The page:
Help other customers find the most helpful reviews 
Was this review helpful to you? Yes No


4.0 out of 5 stars Fine, accessible introduction to some great thinkers, 22 July 2013
By 
Jeremy Bevan (West Midlands, UK) - See all my reviews
(TOP 500 REVIEWER)    (REAL NAME)   
I enjoyed this series of conversational introductions to the great philosophers of the Western tradition. Bryan Magee has done a good job of editing the transcripts from the original broadcast discussions he hosted, and the vast majority of the dialogues will serve as accessible introductions to the philosopher(s) or schools in question for those unfamiliar with them. I found the chapters on Leibniz/Spinoza, Locke/Berkeley, Hume and Wittgenstein particularly interesting, and only those on Medieval Philosophy and the American Pragmatists rather uninspiring. Could perhaps have done with a bibliography, but still a fine single-volume introduction nonetheless.
Help other customers find the most helpful reviews 
Was this review helpful to you? Yes No


5.0 out of 5 stars An Introduction to Western Philosophy, 18 May 2012
We know the famous books of Bryan Magee on Karl Popper, Schopenhauer, Wagner, and his illustrated presentation of the history of philosophy. We find here , through discussions with specialists, a clear and shrewd introduction to the great philosophers from Plato and Aristotle until the Schools of Vienna, Oxford and Cambridge. This gives us an original and general view (especially about epistemology and theory of knowledge) upon western philosophy.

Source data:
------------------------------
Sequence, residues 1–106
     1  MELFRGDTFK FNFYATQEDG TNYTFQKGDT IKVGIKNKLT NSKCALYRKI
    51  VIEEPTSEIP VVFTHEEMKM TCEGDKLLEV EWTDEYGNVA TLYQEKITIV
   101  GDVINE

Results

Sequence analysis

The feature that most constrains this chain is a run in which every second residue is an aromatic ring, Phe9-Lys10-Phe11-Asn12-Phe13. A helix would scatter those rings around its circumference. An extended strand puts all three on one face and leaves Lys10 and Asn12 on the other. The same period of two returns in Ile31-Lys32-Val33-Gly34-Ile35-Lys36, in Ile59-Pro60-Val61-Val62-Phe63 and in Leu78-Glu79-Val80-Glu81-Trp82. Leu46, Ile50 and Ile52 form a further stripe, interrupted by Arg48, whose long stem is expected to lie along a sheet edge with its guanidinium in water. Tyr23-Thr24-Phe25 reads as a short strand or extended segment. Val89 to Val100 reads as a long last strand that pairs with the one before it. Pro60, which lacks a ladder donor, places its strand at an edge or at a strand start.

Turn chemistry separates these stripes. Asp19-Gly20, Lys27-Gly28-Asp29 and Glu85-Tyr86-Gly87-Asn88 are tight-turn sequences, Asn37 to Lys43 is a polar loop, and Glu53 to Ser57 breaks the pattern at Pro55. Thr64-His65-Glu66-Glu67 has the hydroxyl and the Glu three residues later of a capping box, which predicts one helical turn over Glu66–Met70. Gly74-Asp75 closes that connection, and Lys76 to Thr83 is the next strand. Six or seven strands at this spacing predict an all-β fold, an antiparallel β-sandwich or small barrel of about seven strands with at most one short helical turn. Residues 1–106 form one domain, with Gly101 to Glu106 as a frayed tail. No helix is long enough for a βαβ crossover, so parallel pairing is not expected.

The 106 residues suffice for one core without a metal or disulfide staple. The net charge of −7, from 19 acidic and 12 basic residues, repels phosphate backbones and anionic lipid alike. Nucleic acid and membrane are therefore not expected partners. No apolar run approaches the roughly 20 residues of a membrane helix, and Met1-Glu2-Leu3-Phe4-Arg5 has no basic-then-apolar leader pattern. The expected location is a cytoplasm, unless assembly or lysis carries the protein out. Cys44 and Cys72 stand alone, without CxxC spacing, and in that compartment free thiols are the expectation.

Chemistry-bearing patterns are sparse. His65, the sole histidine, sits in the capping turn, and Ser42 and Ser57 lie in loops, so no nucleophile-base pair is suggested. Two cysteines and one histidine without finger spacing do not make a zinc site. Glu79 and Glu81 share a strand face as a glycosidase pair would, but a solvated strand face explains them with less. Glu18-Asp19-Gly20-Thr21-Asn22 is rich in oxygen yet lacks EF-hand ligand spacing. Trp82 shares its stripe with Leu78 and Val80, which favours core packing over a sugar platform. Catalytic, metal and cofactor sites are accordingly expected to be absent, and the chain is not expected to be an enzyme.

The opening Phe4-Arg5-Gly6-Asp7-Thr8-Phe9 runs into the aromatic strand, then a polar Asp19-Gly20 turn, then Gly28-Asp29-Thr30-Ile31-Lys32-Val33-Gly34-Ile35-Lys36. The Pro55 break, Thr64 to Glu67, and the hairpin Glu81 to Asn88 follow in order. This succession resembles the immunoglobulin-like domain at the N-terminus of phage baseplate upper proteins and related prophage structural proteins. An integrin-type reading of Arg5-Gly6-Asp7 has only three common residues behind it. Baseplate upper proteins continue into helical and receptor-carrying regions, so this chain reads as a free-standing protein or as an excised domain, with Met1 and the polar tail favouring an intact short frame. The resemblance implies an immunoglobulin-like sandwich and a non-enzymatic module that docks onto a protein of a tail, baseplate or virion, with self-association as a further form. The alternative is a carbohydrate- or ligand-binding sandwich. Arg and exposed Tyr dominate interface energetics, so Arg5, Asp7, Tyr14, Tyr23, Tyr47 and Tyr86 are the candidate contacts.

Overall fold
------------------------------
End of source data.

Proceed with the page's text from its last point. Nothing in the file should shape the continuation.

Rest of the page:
Help other customers find the most helpful reviews 
Was this review helpful to you? Yes No


5.0 out of 5 stars Unmatched, 13 April 2012
This is an outstanding book. As an introduction to philosophy it remains unmatched. The book is worth buying just for Hubert Dreyfus's marvellously illuminating discussion on Heidegger alone. But there is so much more to savour here. Bernard Williams on Descartes is almost as brilliant. And John Passmore on Hume and Geoffrey Warnock on Kant are both excellent. All the discussions leave you enlightened in some way. There are other good introductions to Philosophy: Nigel Warburton's 'The Classics' (and 'The Basics'), Russell's 'Problems of Philosophy' and Diane Collinson's highly commendable, 'Fifty Major Philosophers'. This book clearly remains the best though and repays re-readings. Caviar for the brain and a feast for the senses!
Help other customers find the most helpful reviews 
Was this review helpful to you? Yes No


5.0 out of 5 stars Philosophical and historical introductions to the great philosophers, 12 Nov 2011
A great, clear and concise introduction to some of the greatest philosophers. Short introductions followed by exposition and discussion with contemporary philosophers (of the 1970s) of the great philosophers' main ideas and why they are still important today. Useful for students or those who want to find out what all the fuss is about. Useful if you see the videos too.
Help other customers find the most helpful reviews 
Was this review helpful to you? Yes No


5.0 out of 5 stars The great philosophers, 9 Oct 2011
A must read for anyone interested in philosophy or just wanting to expand their own knowledge of the world. I was greatly impressed by the concise nature of the accounts presented in the book.
Help other customers find the most helpful reviews 
Was this review helpful to you? Yes No


‹ Previous | 1 2 | Next ›
Most Helpful First | Newest First

This product

The Great Philosophers: An Introduction to Western Philosophy
The Great Philosophers: An Introduction to Western Philosophy by Bryan Magee (Hardcover - 10 Sep 1987)
Used & New from: 0.01
Add to wishlist See buying options
Only search this product's reviews